Japan, Russia split golds in Great Britain
Japan takes singles events; Russia takes the team ones
|With Doug Razzano's silver in Sheffield, the U.S. won at least one medal at each JGP stop. (Paul Tortland)|
Unlike Nishino's other JGP win this season in Tallinn, Estonia -- in which she routed the field by more than 16 points -- she faced some stiff competition in Sheffield, namely from Estonia's Svetlana Issakova. Issakova led Nishino by .2 points after the short program.
Skating first in the last group of the free skate, Nishino was far from perfect, but the level of difficulty in her Tchaikovsky medley free skate offset her mistakes. Though she had negative Grades of Execution (GOEs) on five of her jumps or jump combinations (triple Lutz-double toe, triple flip, triple Lutz, triple Salchow-double loop, triple toe-double toe), she was one of only two ladies to attempt as many as six triples in her free skate (fourth-place finisher Kristine Musademba was the other). She was aided by receiving level fours on two of her spins and her spiral step sequence. Her segment score of 83.58 and competiton score of 134.04 set the standard. Nishino joined Americans Mirai Nagasu and Chrissy Hughes as the only three ladies to win both of their JGP assignments this season, and they will all be considered top contenders for gold at the Junior Grand Prix Final, Dec. 6-9 in Gdansk, Poland.
Issakova was the only other skater in the last group within striking distance of Nishino, but she was not quite up to the task. She started with a nice triple flip-double toe combination, but her ensuing triple Lutz was given a negative GOE by all but one judge. Other high points of her program included landing a clean double Axel and triple toe, and receiving level fours for two spins and a spiral sequence. Errors on her triple toe-single toe combination and triple loop, however, kept her off the top of the podium. Her silver medal in Sheffield combined with the bronze she won in Estonia qualified her for the JGP Final.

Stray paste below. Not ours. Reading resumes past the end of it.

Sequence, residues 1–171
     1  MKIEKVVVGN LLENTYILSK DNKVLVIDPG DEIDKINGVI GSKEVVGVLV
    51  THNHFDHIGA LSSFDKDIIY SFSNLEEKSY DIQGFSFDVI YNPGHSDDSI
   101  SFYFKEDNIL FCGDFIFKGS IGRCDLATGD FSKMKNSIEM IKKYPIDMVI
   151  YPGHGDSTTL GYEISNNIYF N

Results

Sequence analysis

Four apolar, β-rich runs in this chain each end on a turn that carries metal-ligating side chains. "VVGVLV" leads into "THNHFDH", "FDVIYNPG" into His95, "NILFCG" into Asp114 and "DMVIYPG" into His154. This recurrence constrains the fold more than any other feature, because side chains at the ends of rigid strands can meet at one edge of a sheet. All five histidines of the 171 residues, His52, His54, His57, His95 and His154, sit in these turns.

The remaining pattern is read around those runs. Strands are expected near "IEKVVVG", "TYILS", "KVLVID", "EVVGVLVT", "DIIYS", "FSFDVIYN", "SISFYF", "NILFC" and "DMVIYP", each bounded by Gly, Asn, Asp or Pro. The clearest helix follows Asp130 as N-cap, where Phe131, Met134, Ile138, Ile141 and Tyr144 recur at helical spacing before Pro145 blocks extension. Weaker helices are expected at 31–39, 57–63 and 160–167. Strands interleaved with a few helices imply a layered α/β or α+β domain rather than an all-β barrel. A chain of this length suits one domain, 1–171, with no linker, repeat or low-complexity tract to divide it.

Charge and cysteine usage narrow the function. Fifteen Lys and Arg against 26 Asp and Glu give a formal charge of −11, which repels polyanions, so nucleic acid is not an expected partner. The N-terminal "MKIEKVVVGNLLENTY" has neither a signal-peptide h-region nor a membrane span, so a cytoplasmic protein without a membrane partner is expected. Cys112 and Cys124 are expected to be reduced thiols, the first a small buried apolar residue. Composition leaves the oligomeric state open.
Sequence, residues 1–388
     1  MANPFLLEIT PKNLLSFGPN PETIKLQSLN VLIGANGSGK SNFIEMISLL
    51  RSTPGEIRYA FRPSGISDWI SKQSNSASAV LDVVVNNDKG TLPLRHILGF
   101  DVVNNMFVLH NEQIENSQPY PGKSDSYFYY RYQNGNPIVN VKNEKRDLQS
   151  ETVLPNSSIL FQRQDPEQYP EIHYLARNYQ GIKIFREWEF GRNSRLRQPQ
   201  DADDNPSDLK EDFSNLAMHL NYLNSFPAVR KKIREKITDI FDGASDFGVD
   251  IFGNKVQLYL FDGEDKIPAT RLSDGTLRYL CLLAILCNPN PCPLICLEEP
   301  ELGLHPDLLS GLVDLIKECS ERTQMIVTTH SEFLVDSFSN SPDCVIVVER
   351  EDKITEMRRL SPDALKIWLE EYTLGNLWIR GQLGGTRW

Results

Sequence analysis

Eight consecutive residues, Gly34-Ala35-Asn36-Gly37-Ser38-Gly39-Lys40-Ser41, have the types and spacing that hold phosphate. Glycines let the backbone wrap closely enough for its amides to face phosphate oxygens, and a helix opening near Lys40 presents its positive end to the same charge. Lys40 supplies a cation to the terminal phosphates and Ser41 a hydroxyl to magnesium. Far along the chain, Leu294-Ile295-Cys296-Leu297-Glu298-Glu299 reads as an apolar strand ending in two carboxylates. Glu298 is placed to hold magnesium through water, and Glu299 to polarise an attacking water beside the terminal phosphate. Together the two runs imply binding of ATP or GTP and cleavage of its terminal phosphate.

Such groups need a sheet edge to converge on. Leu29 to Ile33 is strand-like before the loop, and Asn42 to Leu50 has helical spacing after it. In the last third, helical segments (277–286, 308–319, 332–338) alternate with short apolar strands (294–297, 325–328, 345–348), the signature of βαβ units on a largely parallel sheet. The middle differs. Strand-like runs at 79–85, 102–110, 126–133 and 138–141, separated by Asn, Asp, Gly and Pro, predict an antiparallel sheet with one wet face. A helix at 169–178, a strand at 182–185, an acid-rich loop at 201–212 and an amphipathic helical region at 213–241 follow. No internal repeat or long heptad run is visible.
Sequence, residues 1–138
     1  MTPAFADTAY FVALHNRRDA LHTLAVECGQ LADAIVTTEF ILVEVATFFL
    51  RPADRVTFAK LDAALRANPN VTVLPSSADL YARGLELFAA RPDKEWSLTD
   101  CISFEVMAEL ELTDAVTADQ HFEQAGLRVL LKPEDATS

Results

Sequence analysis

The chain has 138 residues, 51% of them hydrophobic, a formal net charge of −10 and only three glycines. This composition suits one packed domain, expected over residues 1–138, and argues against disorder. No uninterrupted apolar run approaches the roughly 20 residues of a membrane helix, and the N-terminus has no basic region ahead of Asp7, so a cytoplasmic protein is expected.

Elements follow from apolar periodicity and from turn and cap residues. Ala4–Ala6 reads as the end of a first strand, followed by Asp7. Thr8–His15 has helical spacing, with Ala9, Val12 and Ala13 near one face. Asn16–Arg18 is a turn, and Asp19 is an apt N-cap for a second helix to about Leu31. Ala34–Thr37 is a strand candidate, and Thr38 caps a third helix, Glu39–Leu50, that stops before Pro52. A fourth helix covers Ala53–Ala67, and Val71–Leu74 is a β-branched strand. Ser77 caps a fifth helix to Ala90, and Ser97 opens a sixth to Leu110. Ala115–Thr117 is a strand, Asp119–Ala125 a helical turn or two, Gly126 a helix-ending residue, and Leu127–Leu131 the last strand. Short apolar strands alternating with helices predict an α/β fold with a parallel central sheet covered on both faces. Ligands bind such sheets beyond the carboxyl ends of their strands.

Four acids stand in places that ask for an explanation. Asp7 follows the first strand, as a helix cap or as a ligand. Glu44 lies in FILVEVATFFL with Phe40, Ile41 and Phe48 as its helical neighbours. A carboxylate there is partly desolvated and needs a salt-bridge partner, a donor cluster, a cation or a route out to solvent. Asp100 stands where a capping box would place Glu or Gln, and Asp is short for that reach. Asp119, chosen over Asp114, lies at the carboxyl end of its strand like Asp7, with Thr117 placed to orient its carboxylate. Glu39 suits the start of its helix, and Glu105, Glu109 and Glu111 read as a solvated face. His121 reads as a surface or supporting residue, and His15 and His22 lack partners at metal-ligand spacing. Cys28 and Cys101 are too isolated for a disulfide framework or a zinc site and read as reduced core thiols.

The bronze medal went to Sonia Lafuente, who rose from sixth place after the short program. This result signaled a return to relevance for Lafuente, who finished fifth and second at her two JGP assignments last season but came in a disappointing 20th at her previous JGP competition this season, in Austria.
A Russian skater led the men's event after the short program, but a different one ended up on the medal stand. Daniil Gleichengauz scored 61.09 points in the first segment to take a two-point lead over Machida (59.51), China's Nan Song (59.42) and the United States' Razzano (59.02). Gleichengauz's countryman, Artem Grigoriev, sat fifth after the short program with a score of 57.53.
Only one of the skaters who resided in the top three after the short program brought home hardware. Gleichengauz tumbled to an eighth-place finish in the free skate and dropped to fifth in the final standings. Song put out only the fourth-best free skate and had to settle for a fourth-place overall finish, a mere .12 points behind Grigoriev, whose third-place free skate earned him the bronze medal.
Machida's "Swan Lake" free skate started slowly, with a triple Axel and a triple Axel sequence that received GOEs of -1.88 and -2.0, respectively. He recovered nicely, however, landing five more triples (four cleanly) along the way, including a triple flip-double toe-single loop combination midway through the program and a triple toe-double toe later on. His spins and step sequences were all graded either level three or four. He earned a segment score of 117.69, giving him 177.20 points for the competition.